2
$\begingroup$

I have to solve this problem using integration by parts. I am new to integration by parts and was hoping someone can help me.

$$\int\frac{x^3}{(x^2+2)^2} dx$$

Here is what I have so far:

$$\int udv = uv-\int vdu $$

$$u=x^2+2$$ Therefore, $$xdx=\frac{du}{2}$$ $$dv=x^3$$ Therefor, $$v=3x^2$$

$\endgroup$
2
  • 1
    $\begingroup$ so substitution isn't allowed? $\endgroup$
    – randomgirl
    Jul 13 '15 at 0:36
  • $\begingroup$ @randomgirl we have to use integration by parts $\endgroup$
    – Csci319
    Jul 13 '15 at 0:40
1
$\begingroup$

In integration by parts, you want $v$ to be something that is easy to integrate, $u$ is easy to differentiate, and $v\,du$ is easier to integrate than the original $u\,dv$.

In this case, the difficulty is integrating the fraction; and to make things more difficult, the fraction's denominator is squared. Here's one way to make that easier.

Let $dv=\frac{2x}{(x^2+2)^2}$. That is easy to integrate (can you see it?), and integrating it will reduce the power of the denominator. So then $u=\frac{x^2}2$ to get $u\,dv$ what we want.

Here is the rest:

We can see by inspection that the numerator of $dv$ is the derivative of the denominator. We therefore get $v=-\frac 1{x^2+2}$. Clearly $du=x\,dx$. So,

$$\begin{align} \int\frac{x^3}{(x^2+2)^2}\,dx &= uv-\int v\,du \\[2ex] &= \frac{x^2}2\cdot -\frac 1{x^2+2}-\int-\frac 1{x^2+2}\cdot x\,dx \\[2ex] &= -\frac 12\frac{x^2}{x^2+2}+\frac 12\int\frac{2x}{x^2+2}\,dx \\[2ex] &= -\frac 12\frac{x^2}{x^2+2}+\frac 12\ln|x^2+2|+C_1 \\[2ex] &= \frac{1}{x^2+2}-\frac 12+\frac 12\ln|x^2+2|+C_1 \\[2ex] &= \frac{1}{x^2+2}+\frac 12\ln|x^2+2|+C_2 \end{align}$$

Either the last line or the one two lines above it are good answers. Those two lines have different arbitrary constants, since the $-\frac 12$ disappeared between them.

Is that clear?

$\endgroup$
4
  • $\begingroup$ can you take a look and see if my answer is correct below? you have helped me in the past. $$\frac{-1}{2}\frac{x^2}{x^2+1}-(\frac{-1}{4}ln(|x^2+2|)$$ $\endgroup$
    – Csci319
    Jul 13 '15 at 14:53
  • $\begingroup$ yes please. I would like to know where I went wrong $\endgroup$
    – Csci319
    Jul 13 '15 at 15:24
  • $\begingroup$ @Csci319: Almost, one answer is $\frac{1}{x^2+2}+\frac 12\ln|x^2+2|+C$, another is $-\frac 12\frac{x^2}{x^2+2}+\frac 12\ln|x^2+2|+C$. Do you need me to show more steps in my answer? $\endgroup$ Jul 13 '15 at 15:28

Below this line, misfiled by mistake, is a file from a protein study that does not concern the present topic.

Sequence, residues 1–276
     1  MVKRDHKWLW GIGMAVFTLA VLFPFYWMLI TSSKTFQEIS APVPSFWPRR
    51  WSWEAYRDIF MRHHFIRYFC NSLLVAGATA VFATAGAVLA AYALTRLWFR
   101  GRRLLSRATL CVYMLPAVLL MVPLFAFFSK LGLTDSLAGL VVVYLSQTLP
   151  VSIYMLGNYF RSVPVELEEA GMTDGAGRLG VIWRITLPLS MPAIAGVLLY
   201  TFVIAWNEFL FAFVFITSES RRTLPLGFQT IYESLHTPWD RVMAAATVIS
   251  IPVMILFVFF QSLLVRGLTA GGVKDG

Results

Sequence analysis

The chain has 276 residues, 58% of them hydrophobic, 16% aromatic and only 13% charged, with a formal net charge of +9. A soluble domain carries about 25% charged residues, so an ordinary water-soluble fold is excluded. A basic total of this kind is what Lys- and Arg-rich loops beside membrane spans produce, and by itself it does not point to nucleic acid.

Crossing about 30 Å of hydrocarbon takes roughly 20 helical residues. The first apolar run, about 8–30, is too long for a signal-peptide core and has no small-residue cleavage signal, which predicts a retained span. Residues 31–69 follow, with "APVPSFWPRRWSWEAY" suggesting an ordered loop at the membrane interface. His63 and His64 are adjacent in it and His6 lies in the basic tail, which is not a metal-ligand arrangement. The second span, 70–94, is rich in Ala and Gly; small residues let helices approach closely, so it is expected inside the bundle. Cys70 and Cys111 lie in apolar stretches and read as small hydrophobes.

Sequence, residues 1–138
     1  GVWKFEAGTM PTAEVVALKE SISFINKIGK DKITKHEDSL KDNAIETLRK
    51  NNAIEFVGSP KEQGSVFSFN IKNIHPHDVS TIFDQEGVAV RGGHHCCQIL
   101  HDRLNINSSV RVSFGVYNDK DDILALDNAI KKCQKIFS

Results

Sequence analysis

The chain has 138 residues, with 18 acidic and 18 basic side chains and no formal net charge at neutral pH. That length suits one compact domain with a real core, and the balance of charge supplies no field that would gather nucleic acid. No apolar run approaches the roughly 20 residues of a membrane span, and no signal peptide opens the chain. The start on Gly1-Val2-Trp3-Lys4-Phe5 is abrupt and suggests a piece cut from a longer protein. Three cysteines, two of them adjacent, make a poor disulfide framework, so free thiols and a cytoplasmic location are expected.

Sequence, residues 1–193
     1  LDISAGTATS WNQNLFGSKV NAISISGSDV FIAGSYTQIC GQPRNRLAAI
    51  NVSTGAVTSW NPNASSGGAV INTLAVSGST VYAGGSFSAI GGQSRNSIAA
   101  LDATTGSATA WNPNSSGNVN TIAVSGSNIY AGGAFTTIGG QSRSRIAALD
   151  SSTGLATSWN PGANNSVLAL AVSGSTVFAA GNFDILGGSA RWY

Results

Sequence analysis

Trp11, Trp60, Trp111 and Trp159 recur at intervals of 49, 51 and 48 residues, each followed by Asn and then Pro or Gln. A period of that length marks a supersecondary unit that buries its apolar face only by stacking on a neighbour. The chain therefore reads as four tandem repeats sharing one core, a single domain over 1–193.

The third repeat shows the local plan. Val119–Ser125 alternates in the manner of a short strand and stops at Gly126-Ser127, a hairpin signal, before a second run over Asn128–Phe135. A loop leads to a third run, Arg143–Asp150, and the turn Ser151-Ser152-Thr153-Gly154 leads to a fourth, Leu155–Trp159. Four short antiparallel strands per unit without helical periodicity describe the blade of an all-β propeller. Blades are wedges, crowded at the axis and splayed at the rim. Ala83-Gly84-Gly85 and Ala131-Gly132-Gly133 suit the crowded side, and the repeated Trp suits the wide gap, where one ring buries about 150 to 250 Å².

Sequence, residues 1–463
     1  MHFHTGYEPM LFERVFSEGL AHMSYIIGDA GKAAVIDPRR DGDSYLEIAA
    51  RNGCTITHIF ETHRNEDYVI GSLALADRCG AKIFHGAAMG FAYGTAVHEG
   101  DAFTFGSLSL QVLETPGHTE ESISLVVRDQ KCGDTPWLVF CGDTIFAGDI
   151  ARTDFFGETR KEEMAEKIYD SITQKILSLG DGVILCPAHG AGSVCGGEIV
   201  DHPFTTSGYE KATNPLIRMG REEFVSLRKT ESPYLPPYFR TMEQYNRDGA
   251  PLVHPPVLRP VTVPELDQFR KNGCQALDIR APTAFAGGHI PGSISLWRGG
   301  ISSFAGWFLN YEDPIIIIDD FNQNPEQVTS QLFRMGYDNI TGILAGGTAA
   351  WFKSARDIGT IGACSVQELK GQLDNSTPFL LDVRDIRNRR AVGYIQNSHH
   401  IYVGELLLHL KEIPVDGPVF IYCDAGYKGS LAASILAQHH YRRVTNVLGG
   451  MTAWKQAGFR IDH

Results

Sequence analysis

• $\begingroup$ please, it would help a lot $\endgroup$
    – Csci319
    Jul 13 '15 at 15:34
1
$\begingroup$

A couple of things with your work so far: When doing integration by parts, $u$ and $v$ have to be two functions which are multiplied by one another inside the integral. With your choice of $u$ and $v$, this is not the case. Second, to go from $dv$ to $v$, you should integrate, not differentiate. As a hint for how to proceed, you might try $$u=x^2$$ and $$dv=\frac{x}{(x^2+2)^2}dx.$$ Then $$du=2xdx$$ and $$v=-\frac 12\frac{1}{x^2+2}.$$ Can you take it from there?

$\endgroup$
8
  • $\begingroup$ so the integral which I need to solve will look like this: $$\int\frac{\frac{-1}{2}}{x^2+2}x^2$$? $\endgroup$
    – Csci319
    Jul 13 '15 at 0:52
  • $\begingroup$ Not quite. The integral you need to solve is $$\int v\,du=\frac{-1}{2}\int\frac{x}{x^2+2}dx.$$ $\endgroup$
    – Alex S
    Jul 13 '15 at 1:09
  • $\begingroup$ so then that would equal $$\frac{-1}{4}ln(|x^2+2|)+C$$? $\endgroup$
    – Csci319
    Jul 13 '15 at 2:09
  • $\begingroup$ Yes, but don't forget to add on $$uv=-\frac{1}{2}\frac{x^2}{x^2+1}.$$ $\endgroup$
    – Alex S
    Jul 13 '15 at 2:19
  • $\begingroup$ so $$\frac{-1}{2}\frac{x^2}{x^2+1}-(\frac{-1}{4}ln(|x^2+2|))+C$$? for the final answer $\endgroup$
    – Csci319
    Jul 13 '15 at 2:46
1
$\begingroup$

Let $dv=x/(x^2+2)^2$. and $u=x^2$. $v=\frac{-1/2}{x^2+2}$ and $du=2xdx$. You can now do the integral $\int vdu$ on your own, as it's just a logorithm.

$\endgroup$
2
  • $\begingroup$ so the integral which I need to solve will look like this: $$\int\frac{\frac{-1}{2}}{x^2+2}x^2$$? $\endgroup$
    – Csci319
    Jul 13 '15 at 0:52
  • $\begingroup$ that $x^2$ should be a $2x$ right? $\int udv = uv - \int vdu$. $\endgroup$
    – Alex R.
    Jul 13 '15 at 1:05
1
$\begingroup$

Hint:

$\int\frac{x^3}{(x^2+2)^2}dx$

Write $x^3asx^2x$

$\int\frac{x^2x}{(x^2+2)^2}dx$

  • add and substract 2 in numerator

$\int\frac{[(x^2+2)-2]x}{(x^2+2)^2}dx$

  • separate it as two integrals

$\int\frac{(x^2+2)x}{(x^2+2)^2}dx-\int\frac{2x}{(x^2+2)^2}dx$

$=>\int\frac{x}{(x^2+2)}dx-\int\frac{2x}{(x^2+2)^2}dx$

formulae :(1) $\int\frac{f{'}(x)}{f(x)}dx=log|f(x)|$ formulae:(2)$int\frac{f{'}(x)}{f^{2}(x)}dx=-\frac{1}{f(x)}$

-take $f(x) = x^2+2$ for the first part of integral and before that multiply and divide with 2 for using formulae(1)

  • take $f(x) = x^2+2$for the second integral using formulae ( 2)

Then answer is

$=\frac{1}{2}log|x^2+2|+\frac{1}{x^2+2}$

$\endgroup$
1
  • $\begingroup$ Your answer is not what I would call a "hint". It is a walkthrough to solving the answer. Also, when you're writing equations, consider using \$\$math\$\$ instead of a single dollar sign. $\endgroup$ Jul 13 '15 at 5:36

Your Answer

By clicking “Post Your Answer”, you agree to our terms of service, privacy policy and cookie policy

Not the answer you're looking for? Browse other questions tagged or ask your own question.